Terroir: What It Is and Why You Should Care

In the video, “Interpreting Labels,” I mentioned briefly that wines from much of Europe are labeled by their location rather than by varietal. This can present some challenges when trying to sell in the international marketplace, particularly to new buyers, so why do they do it? Essentially, the answer is that you can get even MORE information about a wine than just varietal through these regional labels. Not only do laws dictate what varietals can be grown in a region but some areas control things such as maximum vineyard yields, when grapes are harvested, how much juice can be extracted, oak aging, or even the shape of the bottle.

Furthermore, each region is known for (and exists because of) “terroir”. Terroir (tare-wah) is a French word and while there is no direct translation into English, the concept is how the environment affects the grapes and thus the wine. 


The environment includes the soil, elevation, typography, microorganisms and climate—encompassing rainfall, wind velocity, humidity, tendency to fog, hours of sunshine, average temperatures and temperature swings, and so on. The combination of the environment is critical to the quality of the grapes and through this quality, it is possible to identify the origin of the wine. This sense of place is one of the key reasons why wine is so intriguing. The next step is familiarity with the grapes themselves. Factors such as the root growth, density of grapes in a cluster, thickness of grape skins, and vine vigor will dance with the environment. Some partnerships would be disastrous while others waltz like soulmates. Some grapes like Cabernet Sauvignon are highly adaptable and grow in nearly every wine region. Others, like Sangiovese are highly specialized in their local areas and are rarely seen outside of it.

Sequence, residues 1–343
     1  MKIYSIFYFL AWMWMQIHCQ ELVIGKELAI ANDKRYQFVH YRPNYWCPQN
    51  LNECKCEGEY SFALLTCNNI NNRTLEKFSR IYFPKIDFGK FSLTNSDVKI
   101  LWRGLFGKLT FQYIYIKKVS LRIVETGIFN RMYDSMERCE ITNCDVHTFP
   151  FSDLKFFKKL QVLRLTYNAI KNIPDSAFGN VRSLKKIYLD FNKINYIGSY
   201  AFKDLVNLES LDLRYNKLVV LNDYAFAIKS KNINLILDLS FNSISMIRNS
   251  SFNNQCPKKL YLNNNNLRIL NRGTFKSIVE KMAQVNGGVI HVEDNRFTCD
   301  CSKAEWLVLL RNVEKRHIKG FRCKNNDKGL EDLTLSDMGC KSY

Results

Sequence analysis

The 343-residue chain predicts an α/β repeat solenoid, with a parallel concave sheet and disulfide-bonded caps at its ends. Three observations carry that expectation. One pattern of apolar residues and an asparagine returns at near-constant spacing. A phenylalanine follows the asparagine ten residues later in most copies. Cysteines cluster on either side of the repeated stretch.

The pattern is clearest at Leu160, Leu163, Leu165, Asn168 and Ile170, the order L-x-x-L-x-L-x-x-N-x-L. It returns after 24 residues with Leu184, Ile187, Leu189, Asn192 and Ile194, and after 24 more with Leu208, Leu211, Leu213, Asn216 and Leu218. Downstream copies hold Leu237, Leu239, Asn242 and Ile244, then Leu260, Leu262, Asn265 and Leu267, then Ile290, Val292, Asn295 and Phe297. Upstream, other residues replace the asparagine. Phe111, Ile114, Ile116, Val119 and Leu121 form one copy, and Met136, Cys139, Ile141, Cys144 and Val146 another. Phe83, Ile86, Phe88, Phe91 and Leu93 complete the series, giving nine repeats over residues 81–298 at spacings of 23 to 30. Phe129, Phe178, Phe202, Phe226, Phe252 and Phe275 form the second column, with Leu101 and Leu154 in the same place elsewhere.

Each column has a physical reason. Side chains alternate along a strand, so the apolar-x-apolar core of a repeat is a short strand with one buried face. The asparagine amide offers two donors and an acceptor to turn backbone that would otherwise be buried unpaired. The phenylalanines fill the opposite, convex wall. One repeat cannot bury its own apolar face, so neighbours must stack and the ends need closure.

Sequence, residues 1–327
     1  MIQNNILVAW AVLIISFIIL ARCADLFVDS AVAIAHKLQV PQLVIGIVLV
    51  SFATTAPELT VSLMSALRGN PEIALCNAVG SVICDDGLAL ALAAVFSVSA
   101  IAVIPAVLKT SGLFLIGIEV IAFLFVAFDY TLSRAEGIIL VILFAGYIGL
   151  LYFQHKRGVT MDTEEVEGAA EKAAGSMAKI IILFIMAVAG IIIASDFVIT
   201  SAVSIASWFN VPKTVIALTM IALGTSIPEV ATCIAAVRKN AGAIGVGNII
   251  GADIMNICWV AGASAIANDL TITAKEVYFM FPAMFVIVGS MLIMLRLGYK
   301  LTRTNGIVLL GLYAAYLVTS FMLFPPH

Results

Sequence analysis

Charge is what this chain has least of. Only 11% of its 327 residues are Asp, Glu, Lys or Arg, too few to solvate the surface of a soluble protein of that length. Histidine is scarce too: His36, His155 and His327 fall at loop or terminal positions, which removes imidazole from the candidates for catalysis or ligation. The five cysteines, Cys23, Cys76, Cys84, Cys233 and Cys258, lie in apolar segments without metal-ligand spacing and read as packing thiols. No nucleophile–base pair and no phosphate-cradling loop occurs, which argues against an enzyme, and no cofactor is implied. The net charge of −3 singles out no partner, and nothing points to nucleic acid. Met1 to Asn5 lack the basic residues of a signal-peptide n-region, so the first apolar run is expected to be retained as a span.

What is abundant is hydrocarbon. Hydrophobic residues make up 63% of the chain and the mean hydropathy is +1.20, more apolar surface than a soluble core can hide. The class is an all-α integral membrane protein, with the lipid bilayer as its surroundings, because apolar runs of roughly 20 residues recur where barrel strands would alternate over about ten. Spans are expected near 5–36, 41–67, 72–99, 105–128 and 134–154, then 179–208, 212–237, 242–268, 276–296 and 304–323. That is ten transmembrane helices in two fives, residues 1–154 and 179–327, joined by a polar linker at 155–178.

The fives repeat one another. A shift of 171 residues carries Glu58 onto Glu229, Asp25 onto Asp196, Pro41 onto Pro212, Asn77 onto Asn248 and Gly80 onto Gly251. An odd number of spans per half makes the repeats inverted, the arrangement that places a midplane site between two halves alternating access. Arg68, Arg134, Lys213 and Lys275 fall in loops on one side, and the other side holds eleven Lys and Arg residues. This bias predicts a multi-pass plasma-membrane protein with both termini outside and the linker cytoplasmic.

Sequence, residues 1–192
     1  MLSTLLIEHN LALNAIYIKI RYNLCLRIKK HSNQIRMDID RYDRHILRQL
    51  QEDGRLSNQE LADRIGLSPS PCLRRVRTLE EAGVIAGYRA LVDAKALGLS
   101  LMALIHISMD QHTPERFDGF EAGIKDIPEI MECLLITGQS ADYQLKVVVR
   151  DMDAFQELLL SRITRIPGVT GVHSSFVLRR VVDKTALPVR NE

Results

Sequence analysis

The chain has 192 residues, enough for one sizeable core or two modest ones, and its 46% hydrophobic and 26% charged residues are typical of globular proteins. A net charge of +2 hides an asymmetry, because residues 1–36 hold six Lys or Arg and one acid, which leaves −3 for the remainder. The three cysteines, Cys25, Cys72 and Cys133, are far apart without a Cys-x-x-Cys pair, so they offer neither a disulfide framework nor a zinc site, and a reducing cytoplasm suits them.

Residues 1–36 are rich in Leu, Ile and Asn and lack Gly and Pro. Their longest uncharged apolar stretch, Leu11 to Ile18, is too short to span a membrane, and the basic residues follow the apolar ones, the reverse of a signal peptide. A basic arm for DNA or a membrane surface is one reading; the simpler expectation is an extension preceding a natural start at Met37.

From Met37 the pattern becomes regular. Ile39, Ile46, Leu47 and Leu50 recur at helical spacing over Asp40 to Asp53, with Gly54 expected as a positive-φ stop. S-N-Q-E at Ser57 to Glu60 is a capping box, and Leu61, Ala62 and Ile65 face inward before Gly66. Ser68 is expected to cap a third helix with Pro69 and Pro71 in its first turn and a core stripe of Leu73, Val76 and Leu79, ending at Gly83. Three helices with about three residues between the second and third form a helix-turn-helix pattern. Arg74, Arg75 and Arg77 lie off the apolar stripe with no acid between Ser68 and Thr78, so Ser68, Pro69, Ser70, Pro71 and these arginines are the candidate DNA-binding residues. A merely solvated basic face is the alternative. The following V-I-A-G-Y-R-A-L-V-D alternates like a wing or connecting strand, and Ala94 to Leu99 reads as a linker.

The grounding of all wine education is in the concept of terroir. Many of the laws that govern the vineyards and wineries do so largely to preserve the authenticity of the region’s terroir so it is learnable. Once you learn the regions and the typical profiles of the wines that come from that area, you can predict how a wine will taste. This makes it easier to choose a wine from a shelf or a restaurant’s list. 

Untitled 2.jpg

Burgundy is perhaps the quintessential example of terrior. While most red Burgundy is Pinot Noir, and most white Burgundy is Chardonnay, there are infinitesimal differences from village to village, domain to domain, even plot to plot. A minerally Chablis (sha-blee) with its laser acidity is worlds away from a rich Puligny-Montrachet (ready for this one? Pu-lee-nee mohnt-ra-shay). If you saw a Chablis, a Montrachet, and a Sonoma Coast Chardonnay together on the shelf, the Montrachet is a sure bet to go with your Maine lobster! It takes some study to learn terroir and varietal typicity but remember: this is the fun part! Seek out wines that show a sense of place, take notes, do some comparison tastings, and in no time, you’ll be able to predict a wine’s profile by the label alone!

Where To Buy Wine

The store you purchase your wine from can greatly impact your wine experiences including the quality of what you are drinking and your exposure to new things. 

Read More

How is Wine Priced? (Part 2)

In part 2 of our How is Wine Priced series, we'll compare the winemaking of two vineyards. This video, which is just under 5 minutes, barely scratches the surface of this complex process where hundreds of decisions can impact the final product. We'll look more in-depth at each of these topics in the future so stay tuned!